Given the size of its population and economy, and its high diplomatic profile in the African arena, Nigeria has a widely acknowledged role as continental heavyweight. Through successive administrations, and evidenced by the large military and financial contributions it has made to regional economic and peacekeeping efforts, Abuja has long assumed a lead role in everything from encouraging regional stability to advocating for debt relief. The country is a founding member of both ECOWAS and the African Union (AU), and had an instrumental role in guiding the latter from its previous form as the Organisation of African Unity into the AU, a body consisting of all 55 African countries.
In 1975 when the country was going through a period of economic recovery following the 1967-70 civil war, Nigeria was one of the biggest proponents for the establishment of ECOWAS, even pledging to contribute one-third of the bloc’s financial needs. Today, ECOWAS is a 15-member regional group and single trade area with a mandate to support economic integration throughout its member countries. In addition to promoting economic and political stability in the region, the group is working to reduce the member states’ dependence upon external capital and markets.
Introduced in June 2007, the ECOWAS Vision 2020 framework lays down the current goals of the group. It endeavours to boost investment in the development of the region’s human capital, especially as it pertains to women and young people; promote internal peace and a cooperative regional defence and security apparatus; support economic integration through a unified market, common currency, and integrated capital and financial markets; and prioritise private sector growth. Nigeria is a major beneficiary of the group’s ECOWAS Trade Liberalisation Scheme, controlling 40% of the trade transactions in the region.
The leaders of ECOWAS met in June 2017 to discuss Morocco’s request for membership of the group. While the request was accepted “in principle” by leaders of the group, Nigeria elected not to send a high-level delegation to the summit, citing as its reason ECOWAS’s failure to give the government time to discuss Morocco’s accession internally. “The principle of course is one of non-hostility to Morocco. There’s no enmity there […] What has to be looked at a bit more is all the technical ramifications,” Geoffrey Onyeama, minister of foreign affairs, told local media in July 2017.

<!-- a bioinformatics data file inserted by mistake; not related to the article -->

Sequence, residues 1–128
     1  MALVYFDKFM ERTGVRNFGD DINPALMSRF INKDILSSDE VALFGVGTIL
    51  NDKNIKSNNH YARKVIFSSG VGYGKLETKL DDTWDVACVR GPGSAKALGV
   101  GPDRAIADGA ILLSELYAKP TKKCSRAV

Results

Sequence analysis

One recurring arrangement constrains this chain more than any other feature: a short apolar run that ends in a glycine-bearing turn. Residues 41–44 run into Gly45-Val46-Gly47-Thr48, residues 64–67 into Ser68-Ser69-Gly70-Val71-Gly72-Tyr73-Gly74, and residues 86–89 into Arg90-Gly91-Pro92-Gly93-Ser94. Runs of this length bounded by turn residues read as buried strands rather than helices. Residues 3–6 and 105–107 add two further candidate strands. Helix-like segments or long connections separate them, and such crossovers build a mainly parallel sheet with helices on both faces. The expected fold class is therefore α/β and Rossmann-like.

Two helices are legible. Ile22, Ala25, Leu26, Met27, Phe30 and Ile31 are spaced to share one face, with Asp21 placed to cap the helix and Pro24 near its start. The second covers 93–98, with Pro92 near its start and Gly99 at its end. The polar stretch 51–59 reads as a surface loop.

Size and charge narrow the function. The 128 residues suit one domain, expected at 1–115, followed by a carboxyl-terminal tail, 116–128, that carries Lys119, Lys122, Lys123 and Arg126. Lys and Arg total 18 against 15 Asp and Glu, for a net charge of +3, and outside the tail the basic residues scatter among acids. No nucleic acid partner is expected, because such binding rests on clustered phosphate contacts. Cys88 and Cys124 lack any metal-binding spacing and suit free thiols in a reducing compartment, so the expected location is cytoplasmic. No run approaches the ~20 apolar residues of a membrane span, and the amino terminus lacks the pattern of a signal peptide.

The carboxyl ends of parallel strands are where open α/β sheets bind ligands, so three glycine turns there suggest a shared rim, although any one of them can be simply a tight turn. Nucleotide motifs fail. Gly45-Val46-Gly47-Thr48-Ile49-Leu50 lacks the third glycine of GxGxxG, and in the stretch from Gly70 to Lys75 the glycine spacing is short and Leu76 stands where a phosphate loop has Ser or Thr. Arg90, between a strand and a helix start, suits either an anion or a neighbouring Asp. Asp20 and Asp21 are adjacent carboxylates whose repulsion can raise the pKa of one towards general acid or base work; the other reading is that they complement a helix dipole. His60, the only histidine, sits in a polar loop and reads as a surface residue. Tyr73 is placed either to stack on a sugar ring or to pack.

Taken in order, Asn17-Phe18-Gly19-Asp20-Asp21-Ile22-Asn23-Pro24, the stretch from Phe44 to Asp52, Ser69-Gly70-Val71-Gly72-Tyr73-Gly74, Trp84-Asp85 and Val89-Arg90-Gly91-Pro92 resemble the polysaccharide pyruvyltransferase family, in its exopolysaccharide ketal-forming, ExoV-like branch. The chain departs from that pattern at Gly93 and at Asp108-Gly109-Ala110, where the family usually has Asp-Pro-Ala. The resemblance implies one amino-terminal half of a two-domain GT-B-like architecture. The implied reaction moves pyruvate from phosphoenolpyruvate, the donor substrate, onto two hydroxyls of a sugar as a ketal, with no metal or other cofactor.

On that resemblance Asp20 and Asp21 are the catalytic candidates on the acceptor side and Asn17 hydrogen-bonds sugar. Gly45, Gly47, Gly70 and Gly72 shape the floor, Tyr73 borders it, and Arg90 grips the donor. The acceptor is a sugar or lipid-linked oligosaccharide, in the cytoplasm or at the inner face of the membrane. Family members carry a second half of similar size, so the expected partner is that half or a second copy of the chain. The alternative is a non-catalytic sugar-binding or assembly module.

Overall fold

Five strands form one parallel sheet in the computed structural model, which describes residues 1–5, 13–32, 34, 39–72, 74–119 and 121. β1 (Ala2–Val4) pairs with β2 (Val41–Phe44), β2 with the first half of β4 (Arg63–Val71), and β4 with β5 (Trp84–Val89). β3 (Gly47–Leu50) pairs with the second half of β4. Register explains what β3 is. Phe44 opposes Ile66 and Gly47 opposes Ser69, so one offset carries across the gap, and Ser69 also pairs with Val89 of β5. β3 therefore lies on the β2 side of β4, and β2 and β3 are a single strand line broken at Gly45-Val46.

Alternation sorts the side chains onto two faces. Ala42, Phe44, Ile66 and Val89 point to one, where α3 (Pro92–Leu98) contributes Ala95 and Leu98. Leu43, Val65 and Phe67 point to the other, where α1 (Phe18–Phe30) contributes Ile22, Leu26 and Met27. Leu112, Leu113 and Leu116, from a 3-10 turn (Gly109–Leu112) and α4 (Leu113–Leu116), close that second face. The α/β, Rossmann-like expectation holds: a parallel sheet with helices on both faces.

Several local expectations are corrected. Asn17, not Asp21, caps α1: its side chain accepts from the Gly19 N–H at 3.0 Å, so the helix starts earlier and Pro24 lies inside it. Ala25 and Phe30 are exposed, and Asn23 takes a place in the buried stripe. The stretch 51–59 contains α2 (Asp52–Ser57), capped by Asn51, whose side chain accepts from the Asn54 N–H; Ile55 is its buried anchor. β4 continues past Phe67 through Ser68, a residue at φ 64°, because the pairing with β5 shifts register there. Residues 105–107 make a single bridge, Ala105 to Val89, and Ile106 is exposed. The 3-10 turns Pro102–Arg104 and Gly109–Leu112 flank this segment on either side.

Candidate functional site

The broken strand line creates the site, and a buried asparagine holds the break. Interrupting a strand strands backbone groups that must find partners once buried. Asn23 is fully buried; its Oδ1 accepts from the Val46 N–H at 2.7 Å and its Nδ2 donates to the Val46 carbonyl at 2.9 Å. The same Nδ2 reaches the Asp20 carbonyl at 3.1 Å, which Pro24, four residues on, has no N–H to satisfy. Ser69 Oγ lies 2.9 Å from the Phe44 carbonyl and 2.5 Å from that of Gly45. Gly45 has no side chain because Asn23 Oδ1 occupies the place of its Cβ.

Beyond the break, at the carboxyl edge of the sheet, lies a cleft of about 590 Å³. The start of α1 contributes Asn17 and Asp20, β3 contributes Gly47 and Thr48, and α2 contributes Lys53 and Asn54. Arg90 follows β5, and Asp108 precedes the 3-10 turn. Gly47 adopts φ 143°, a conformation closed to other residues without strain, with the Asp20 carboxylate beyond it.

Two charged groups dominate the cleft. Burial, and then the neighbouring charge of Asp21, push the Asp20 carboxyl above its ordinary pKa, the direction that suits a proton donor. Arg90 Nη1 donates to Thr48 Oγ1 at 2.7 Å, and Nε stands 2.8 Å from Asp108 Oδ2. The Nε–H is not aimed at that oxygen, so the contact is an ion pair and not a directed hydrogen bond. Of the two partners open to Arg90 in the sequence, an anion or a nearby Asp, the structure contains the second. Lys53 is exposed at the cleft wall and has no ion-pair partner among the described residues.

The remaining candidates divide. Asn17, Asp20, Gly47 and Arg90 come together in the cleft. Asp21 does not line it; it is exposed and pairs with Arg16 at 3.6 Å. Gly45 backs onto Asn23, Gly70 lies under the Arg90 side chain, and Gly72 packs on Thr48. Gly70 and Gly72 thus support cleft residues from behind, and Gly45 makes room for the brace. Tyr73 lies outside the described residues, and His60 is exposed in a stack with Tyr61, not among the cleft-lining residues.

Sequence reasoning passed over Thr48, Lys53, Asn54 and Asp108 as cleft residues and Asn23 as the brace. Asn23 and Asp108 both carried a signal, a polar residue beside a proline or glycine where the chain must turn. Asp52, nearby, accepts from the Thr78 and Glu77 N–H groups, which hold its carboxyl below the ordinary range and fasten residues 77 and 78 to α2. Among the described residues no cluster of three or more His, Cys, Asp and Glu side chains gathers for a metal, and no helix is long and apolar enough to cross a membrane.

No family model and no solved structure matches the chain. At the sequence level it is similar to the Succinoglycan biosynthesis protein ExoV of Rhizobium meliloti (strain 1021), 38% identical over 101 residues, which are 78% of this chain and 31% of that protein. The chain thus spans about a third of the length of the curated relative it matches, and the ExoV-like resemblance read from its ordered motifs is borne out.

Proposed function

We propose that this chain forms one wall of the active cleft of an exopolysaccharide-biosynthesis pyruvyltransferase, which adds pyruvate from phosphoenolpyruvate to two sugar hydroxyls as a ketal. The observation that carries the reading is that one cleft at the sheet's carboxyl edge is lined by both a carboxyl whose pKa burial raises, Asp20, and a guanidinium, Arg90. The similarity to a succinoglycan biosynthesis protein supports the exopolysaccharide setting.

Having been elected on the basis of strong security credentials, President Muhammadu Buhari’s first trips abroad in the region were characterised by a strong security agenda. President Buhari took immediate trips to the four other countries fighting the Islamic insurgents of Boko Haram – Benin, Cameroon, Chad and Niger. The president also welcomed his counterparts from Benin, Chad and Niger, as well as the Cameroonian defence minister, to Abuja.
As a result of these talks, a new 8700-strong regional fighting force was announced in June 2015. This boosted the existing Multi-National Joint Task Force, which is led by a Nigerian commander and is staffed by the five nations currently engaged in action against Boko Haram. The major offensive carried out by the force from June to November 2016 was hailed as a success, securing the release of hostages, losses and defections from within Boko Haram, as well as the liberation of areas previously under the extremist group’s control.
Nigeria has repeatedly sought out an active role in regional peace-keeping missions, including in the Congo, Sierra Leone, Liberia, Sudan and Côte d’Ivoire. The country also initiated the creation in 1990 of the military arm of ECOWAS, known as the ECOWAS Monitoring Group, in response to the conflict that was engulfing Liberia at the time. Indeed, the country’s responsibility towards peacekeeping in its neighbouring states is enshrined in its constitution.
The current administration has maintained the country’s tradition of peacekeeping, most recently with the deployment of 800 troops to Sudan in January 2017.
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